A 68-year-old man came to our observation for a rapidly growing, painless nodule of the postero-lateral aspect of the left thigh, immediately below the buttock. The lesion had developed about six months before but it had initially been diagnosed as a hemangioma, without any investigation. At inspection the lesion was dome-shaped, reddish, and elastic. At sonography imaging the lesion appeared as hypoechoic, with a superficial layer moderately hypoechoic and a deeper layer more markedly hypoechoic. The lesion involved the dermis and the subcutaneous tissue. Maximum diameter was 41 mm and maximum thickness was 29 mm. The margins were ill-defined. At directional power-Doppler imaging there was an intense vascularization, with chaotic but mostly vertical arteries. Spectral Doppler analysis identified a slow velocity, low resistive index profile.
The left inguinal region was investigated, to rule out any regional lymph-node metastasis. In the groin we could find an enlarged lymph-node, measuring 34x14 mm. This lymph-node exhibit a focal hypoechoic nodule in the cortex, which measured 20x11 mm. At power-Doppler imaging this tumor deposit had an intense and anarchic vascularization. A sonography-guided fine-needle aspiration (FNA) of the focal nodule was carried out. Cytology and immunocytology evaluation allowed to diagnose a lymph-node metastasis from Merkel cell carcinoma (MCC).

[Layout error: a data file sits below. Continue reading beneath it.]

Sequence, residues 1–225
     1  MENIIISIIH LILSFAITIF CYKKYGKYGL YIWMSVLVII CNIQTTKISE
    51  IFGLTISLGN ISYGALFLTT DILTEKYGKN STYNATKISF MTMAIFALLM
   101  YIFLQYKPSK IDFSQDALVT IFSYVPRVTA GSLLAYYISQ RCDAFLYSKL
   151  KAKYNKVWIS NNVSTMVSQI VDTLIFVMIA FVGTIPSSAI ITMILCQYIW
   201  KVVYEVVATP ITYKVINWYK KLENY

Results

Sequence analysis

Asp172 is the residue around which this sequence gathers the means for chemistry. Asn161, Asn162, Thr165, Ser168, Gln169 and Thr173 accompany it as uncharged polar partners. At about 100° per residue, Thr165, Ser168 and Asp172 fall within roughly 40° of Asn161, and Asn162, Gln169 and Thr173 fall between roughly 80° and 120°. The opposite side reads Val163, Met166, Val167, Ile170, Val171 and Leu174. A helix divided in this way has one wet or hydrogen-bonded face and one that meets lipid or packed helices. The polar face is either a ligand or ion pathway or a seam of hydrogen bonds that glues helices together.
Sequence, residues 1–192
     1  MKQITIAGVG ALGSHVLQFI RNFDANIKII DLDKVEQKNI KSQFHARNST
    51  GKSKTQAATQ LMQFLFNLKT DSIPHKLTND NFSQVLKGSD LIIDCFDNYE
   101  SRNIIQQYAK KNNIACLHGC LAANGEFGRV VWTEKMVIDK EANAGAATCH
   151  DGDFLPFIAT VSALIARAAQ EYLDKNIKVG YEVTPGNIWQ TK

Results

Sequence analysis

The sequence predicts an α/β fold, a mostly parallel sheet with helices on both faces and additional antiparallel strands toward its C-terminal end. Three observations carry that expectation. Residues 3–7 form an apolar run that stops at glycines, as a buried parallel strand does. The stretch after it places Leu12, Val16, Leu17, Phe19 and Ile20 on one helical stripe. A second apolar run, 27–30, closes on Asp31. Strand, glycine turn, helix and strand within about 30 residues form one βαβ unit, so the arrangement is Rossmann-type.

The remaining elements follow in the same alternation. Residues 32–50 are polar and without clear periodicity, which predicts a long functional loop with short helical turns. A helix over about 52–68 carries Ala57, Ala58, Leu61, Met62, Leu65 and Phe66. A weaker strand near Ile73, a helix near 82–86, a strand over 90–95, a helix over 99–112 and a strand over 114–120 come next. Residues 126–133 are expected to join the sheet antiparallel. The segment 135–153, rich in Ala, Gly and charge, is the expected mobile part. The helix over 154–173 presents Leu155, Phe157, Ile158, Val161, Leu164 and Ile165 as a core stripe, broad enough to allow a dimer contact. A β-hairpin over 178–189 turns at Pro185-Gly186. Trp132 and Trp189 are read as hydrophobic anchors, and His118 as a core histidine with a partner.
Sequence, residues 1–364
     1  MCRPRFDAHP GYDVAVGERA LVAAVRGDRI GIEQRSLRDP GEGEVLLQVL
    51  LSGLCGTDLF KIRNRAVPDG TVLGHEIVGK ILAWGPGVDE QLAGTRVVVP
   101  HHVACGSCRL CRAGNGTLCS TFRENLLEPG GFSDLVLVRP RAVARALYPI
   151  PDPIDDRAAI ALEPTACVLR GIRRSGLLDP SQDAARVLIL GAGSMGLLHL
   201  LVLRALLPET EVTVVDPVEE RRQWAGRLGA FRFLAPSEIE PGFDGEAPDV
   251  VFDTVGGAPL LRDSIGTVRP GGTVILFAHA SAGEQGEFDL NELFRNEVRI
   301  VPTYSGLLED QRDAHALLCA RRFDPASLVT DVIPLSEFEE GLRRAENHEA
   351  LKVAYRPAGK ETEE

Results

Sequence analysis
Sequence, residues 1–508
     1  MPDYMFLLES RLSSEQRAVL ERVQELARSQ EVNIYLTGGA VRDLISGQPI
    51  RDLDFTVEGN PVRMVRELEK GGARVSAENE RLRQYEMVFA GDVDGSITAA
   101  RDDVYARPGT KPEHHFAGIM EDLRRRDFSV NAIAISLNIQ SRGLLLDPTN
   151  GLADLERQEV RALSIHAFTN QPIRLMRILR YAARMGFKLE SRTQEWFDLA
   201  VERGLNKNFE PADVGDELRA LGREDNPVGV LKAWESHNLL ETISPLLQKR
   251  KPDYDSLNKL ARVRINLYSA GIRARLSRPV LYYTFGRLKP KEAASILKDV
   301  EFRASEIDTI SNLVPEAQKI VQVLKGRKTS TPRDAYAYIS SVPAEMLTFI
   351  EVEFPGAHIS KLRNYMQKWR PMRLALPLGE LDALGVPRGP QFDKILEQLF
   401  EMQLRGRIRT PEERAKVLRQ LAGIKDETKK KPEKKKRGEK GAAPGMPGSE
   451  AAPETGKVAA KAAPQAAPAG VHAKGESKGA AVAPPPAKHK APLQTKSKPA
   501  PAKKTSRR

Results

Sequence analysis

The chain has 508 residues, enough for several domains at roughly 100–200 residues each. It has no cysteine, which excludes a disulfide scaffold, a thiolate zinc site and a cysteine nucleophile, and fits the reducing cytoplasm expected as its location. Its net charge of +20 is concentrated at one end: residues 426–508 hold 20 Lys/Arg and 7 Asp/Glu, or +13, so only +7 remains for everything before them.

The patient underwent staging with whole-body, contrast-enhanced computed tomography (CT). CT confirmed the thigh lesion and the lymph-node metastasis but allowed to rule out any distant metastasis. The patient underwent successfully surgery, with wide excision of the primary thigh tumor and with left groin radical lymphadenectomy. The patient is now free of recurrence at two years from surgery.
MCC is a rare but aggressive neuroendocrine tumor of the dermis. Most MCCs develop in the sun-exposed areas of the head and neck or of the extremities. Mean patient age at diagnosis is around 70 years and there is a moderate prevalence of males. The number of MCC is increasing.
MCC tends to be overlooked by the patient in the early stage. However, given its high rate of lymph-node and distant metastasis, a prompt diagnosis and staging would be fundamental to improve survival. MCC is staged as: T1 <2 cm maximum tumor dimension, T2 2-5 cm maximum tumor dimension, T3 >5 cm maximum tumor dimension, T4 primary tumor invades bone, muscle, fascia, or cartilage.
At sonography MCC appears as a hypoechoic, heterogeneous, oval or dome-shaped lesion of the dermis. The overlying echoic epidermis line can be thickened. The lesion has ill-defined margins and the subcutaneous layer is quickly involved by tumor growth. At Doppler imaging MCC is hypervascular, with multiple arteries disposed chaotically inside the tumor. Differential diagnosis includes non-pigmented melanoma, squamous cell carcinoma, cutaneous metastasis, and cutaneous lymphoma.
Excision of the primary tumor represents the treatment of choice. Regional lymph-nodes sonography and sonography-guided FNA or a sentinel lymph-node excision biopsy procedure is performed for the N staging parameter and whole body CT or PET-CT is employed to detect distant metastases.